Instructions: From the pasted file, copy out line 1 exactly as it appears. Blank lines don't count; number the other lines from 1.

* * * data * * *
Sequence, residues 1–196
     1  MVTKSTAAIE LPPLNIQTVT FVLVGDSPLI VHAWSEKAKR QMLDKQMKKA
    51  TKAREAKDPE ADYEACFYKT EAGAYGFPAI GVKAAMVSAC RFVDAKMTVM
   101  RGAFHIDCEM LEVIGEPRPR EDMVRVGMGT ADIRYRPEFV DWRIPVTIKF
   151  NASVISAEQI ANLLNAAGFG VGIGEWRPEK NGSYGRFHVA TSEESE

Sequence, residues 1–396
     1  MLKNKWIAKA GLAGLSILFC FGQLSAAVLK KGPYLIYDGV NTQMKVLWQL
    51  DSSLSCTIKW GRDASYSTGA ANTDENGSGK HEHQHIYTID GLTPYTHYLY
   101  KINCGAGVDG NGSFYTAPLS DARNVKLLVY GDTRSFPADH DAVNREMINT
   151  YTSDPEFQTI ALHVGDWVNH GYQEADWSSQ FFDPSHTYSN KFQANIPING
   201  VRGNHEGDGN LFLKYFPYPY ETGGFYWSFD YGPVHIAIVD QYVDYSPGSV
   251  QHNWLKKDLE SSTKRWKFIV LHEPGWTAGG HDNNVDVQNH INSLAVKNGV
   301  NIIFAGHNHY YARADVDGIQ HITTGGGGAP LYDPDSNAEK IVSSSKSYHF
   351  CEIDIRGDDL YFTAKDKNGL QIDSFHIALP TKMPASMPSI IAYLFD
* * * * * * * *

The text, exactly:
Sequence, residues 1–196